Australia's new Labor government is due to start negotiations on legal and financial issues with Kaman Aerospace on 10 March, after announcing that it is to cancel its troubled SH-2G(A) Super Seasprite helicopter programme.
The government says it will look to improve the operational availability of the Royal Australian Navy's Sikorsky S-70B Seahawks, which have an inferior surveillance capability, but declines to provide further details.
Australia has so far spent A$950 million ($890 million) on its 11-aircraft Super Seasprite programme, which is already seven years late and was not expected to deliver full functionality until 2010-11.
The programme has faced numerous problems, mainly involving the aircraft's Integrated Tactical Avionics System. Nine helicopters currently in Australia have been grounded since May 2006 following an automatic flight-control system problem, but had been expected to be airborne again this year.
The government last week declined to comment on how much it expects to pay to exit the project, but it will require another billion-dollar replacement order to provide the navy's Anzac frigates with a surface surveillance and attack capability. It will also look at replacement options for the Seahawk during a Defence White Paper study this year, with these possibly to include additional NH Industries' MRH90s, 46 of which are already on order for the RAN and the Australian army.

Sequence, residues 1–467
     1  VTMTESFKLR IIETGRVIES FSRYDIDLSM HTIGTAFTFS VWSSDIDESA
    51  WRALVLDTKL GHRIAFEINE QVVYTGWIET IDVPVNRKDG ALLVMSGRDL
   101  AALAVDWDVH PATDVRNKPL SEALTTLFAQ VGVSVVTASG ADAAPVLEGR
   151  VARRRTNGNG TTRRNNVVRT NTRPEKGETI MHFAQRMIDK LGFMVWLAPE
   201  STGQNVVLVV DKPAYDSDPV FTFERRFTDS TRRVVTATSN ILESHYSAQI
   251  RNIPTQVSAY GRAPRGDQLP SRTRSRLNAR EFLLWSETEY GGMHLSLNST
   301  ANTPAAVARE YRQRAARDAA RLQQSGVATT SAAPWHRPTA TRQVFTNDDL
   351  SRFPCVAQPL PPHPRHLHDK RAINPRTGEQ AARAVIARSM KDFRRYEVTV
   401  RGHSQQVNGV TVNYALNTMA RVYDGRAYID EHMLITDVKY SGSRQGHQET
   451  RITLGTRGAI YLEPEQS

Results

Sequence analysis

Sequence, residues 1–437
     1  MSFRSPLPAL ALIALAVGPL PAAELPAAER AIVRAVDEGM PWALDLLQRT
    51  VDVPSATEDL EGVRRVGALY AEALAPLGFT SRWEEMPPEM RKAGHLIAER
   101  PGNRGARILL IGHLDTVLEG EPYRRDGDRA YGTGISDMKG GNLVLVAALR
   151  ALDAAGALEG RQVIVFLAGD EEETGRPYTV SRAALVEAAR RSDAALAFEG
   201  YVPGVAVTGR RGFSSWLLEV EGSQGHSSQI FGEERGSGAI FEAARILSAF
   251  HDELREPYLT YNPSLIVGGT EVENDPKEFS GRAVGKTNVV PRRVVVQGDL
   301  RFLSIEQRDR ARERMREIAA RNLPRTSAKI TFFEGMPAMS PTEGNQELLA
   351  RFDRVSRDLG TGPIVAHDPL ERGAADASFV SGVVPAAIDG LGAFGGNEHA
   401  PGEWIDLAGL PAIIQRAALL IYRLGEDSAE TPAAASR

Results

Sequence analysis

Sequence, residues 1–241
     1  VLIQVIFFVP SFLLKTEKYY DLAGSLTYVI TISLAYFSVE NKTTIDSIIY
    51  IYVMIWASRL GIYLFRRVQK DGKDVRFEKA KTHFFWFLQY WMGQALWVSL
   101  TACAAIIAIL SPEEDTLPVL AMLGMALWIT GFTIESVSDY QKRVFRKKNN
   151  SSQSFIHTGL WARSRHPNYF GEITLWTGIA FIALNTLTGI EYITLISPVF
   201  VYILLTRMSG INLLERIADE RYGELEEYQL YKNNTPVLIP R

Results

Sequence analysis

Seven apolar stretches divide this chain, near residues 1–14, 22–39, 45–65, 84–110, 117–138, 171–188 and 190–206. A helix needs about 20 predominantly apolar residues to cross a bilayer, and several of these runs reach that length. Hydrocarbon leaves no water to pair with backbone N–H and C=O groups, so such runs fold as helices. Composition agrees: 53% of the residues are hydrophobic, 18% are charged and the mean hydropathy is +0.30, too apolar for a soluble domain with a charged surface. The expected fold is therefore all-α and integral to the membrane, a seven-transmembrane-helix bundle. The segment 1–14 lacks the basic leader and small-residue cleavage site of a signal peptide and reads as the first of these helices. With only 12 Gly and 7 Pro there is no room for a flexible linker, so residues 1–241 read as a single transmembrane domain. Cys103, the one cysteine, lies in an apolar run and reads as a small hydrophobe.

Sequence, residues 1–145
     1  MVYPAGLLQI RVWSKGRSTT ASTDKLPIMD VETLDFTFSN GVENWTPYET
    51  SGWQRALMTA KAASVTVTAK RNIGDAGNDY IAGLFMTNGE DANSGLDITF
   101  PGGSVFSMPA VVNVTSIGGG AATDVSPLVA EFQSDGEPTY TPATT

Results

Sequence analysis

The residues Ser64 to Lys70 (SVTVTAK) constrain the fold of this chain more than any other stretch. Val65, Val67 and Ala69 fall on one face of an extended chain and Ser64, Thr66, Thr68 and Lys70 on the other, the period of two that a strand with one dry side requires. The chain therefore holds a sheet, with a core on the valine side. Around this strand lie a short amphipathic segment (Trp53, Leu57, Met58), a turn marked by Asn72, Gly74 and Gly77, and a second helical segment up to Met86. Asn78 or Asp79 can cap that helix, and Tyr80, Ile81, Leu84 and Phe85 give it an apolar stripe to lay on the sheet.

Defence minister Joel Fitzgibbon says the government was left with little option but to cancel the Super Seasprite deal, describing it as part of "the long list of defence capability nightmares" it had inherited from the previous government. Former defence minister Brendan Nelson is believed to have favoured cancelling the programme following a review last year, but a looming election, the amount of money already spent, possible legal action by Kaman and a lack of suitable alternatives resulted in a reprieve.
Kaman maintains it has met its obligations and responsibilities, and has created "a highly capable aircraft". Chairman Neal Keating says the company will work with the Australian government "toward arriving at a satisfactory arrangement".